Most likely some kind of failure in the rectification and
filtration electronics of the power supply. Probably a cold solder joint
or a bad filter cap. I would offer to fix it for you if you sent it to
me but I doubt you would want to send it to Hawaii. However I AM very
curious about its behavior and what is causing it.
is beginning to sound similar to a problem I have with a "new" (two years old,
but never used) 12v Pyramid 10a regulated power supply.
I use this PS, any DC power cable hooked up to a DC output (screw terminals or
the front cigarette lighter socket) heats up very quickly to the point where I
can't touch it. And the back of the PS where there are two external
transistors mounted, gets hot very quickly too.
when I attempt to plug the DC end into something (such as a video monitor or
video camera), there's a little spark between the plug
and socket when I first plug it in.
didn't catch any of this the first time I used it -- and it apparently fried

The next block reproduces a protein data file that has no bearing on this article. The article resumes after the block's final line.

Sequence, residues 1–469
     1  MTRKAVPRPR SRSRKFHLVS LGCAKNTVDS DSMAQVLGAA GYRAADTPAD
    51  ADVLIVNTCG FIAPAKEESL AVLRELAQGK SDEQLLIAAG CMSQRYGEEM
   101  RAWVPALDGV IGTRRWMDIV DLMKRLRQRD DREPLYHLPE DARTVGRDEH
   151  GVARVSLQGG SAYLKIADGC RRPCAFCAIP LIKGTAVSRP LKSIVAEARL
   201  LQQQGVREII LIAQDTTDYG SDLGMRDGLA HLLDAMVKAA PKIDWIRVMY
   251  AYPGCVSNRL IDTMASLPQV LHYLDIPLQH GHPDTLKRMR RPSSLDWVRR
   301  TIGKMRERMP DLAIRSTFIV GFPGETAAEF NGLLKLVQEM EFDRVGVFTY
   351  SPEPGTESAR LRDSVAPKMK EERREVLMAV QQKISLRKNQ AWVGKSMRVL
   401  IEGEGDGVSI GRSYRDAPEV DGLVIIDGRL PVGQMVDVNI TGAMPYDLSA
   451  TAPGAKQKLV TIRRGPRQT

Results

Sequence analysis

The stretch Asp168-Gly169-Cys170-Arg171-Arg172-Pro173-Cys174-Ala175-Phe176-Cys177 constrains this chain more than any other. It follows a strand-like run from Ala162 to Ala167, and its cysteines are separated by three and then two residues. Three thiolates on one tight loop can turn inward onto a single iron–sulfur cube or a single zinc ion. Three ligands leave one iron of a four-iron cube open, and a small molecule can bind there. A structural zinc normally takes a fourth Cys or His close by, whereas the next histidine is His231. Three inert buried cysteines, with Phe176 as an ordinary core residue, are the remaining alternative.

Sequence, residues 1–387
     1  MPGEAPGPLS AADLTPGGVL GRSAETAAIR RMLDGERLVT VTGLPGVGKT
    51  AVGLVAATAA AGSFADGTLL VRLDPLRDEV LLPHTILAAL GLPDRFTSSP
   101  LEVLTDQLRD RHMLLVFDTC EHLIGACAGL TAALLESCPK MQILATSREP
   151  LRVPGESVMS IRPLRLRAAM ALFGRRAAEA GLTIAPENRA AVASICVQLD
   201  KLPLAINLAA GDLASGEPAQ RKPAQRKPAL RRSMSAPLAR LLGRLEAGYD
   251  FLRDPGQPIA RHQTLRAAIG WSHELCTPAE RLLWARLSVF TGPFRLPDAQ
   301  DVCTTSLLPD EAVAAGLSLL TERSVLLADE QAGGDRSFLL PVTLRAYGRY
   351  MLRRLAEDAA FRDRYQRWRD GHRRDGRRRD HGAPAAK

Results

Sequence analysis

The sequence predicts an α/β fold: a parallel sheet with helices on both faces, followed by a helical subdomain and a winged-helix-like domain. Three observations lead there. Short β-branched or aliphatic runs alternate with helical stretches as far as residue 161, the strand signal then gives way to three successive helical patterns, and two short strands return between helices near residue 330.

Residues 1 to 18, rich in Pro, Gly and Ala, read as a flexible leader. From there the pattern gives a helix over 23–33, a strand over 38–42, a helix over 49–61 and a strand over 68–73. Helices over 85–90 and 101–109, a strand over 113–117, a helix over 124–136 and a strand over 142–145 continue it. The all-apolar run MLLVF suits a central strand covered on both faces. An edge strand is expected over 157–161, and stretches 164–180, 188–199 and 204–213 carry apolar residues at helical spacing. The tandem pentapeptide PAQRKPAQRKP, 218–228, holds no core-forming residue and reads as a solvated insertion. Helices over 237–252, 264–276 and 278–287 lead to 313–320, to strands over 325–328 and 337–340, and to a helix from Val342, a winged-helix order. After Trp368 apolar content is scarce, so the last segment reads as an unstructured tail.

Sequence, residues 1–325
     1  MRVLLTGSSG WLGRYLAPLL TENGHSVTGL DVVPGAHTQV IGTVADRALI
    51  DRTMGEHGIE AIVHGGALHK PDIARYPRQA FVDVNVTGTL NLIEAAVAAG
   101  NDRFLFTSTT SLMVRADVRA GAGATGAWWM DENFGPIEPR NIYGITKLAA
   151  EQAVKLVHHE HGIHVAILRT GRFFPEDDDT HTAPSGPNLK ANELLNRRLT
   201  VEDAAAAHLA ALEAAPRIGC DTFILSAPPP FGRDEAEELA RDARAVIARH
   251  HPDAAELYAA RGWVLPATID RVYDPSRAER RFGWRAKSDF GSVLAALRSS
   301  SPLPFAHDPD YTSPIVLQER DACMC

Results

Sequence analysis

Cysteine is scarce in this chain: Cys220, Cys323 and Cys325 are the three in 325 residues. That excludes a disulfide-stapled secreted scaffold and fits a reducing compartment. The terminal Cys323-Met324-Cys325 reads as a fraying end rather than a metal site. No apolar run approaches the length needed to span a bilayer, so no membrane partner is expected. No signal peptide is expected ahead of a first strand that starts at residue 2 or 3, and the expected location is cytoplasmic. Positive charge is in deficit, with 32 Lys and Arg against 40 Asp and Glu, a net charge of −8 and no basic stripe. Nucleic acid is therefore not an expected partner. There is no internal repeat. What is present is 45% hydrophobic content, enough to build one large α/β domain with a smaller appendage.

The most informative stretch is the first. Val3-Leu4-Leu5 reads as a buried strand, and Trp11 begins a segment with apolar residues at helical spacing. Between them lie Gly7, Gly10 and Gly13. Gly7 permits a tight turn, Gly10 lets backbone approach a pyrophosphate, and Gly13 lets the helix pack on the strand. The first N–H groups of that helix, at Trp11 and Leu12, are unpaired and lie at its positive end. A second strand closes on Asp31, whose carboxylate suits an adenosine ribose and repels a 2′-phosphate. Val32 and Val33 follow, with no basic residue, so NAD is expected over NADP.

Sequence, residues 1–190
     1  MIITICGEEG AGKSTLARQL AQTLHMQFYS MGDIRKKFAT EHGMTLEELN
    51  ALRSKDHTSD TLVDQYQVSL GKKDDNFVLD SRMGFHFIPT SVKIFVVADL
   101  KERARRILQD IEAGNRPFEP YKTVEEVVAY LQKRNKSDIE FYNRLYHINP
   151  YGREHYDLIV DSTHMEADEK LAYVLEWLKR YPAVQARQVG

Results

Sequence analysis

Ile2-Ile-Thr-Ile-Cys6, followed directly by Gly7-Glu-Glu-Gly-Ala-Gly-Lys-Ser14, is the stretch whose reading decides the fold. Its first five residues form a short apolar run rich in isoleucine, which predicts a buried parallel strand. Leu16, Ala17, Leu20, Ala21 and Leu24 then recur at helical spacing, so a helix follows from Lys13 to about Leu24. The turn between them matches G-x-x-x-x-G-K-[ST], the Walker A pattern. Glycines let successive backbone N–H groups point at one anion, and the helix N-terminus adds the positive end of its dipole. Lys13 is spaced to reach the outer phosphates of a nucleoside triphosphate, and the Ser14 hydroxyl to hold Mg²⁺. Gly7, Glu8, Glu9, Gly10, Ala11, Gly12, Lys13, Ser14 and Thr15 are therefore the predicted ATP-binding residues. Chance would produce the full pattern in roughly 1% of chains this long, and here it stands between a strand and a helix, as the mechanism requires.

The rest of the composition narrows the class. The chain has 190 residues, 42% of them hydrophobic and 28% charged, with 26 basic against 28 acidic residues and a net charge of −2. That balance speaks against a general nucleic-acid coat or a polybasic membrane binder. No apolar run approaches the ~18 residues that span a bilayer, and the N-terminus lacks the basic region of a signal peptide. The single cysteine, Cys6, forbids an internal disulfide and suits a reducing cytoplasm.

one of my monitors. I've also melted two DC power cables in
testing. No fuses have ever blown.
I do simple tests for voltage and continuity, everything checks out OK.
No shorts, no reversed polarity, and the voltage is 13.89v
there's most definitely something wrong with the PS. I'm thinking that
testing for the problem is beyond my skills. So I've put it in the tub
for electronic recycling.
I do have an old Fluke 77 and a brand new Fluke 115. So maybe I have the
proper tools, just not the knowledge to use them to figure this problem
already purchased a new PS, but I haven't yet put the suspect PS in electronic
recycling. If there are some relatively simple tests I can perform with
either of my Fluke instruments, maybe I can get to the bottom of the problem
and "save" the otherwise brand new PS.
Use a voltmeter to measure what voltage difference exists
between the laptop's chassis ground and the CP4's chassis ground. NOT
the ground pins of the AC power cords.
However spurious ground differentials will only exist when
the CP4's power is connected and disconnected. They will probably be
fast and only detectable by a O-scope, analog meter or a digital meter
with an analog scale, like a Fluke model 77.
Running the CP4 from a battery will isolate the CP4
completely and guarantee that a spurious ground differential can't come from
I still say the CP4's external power supply is the #1
how to test it? My only test destorys laptops?
running your CP4 off a 12 volt battery. That would confirm that something is
flaky with your Dc power supplies.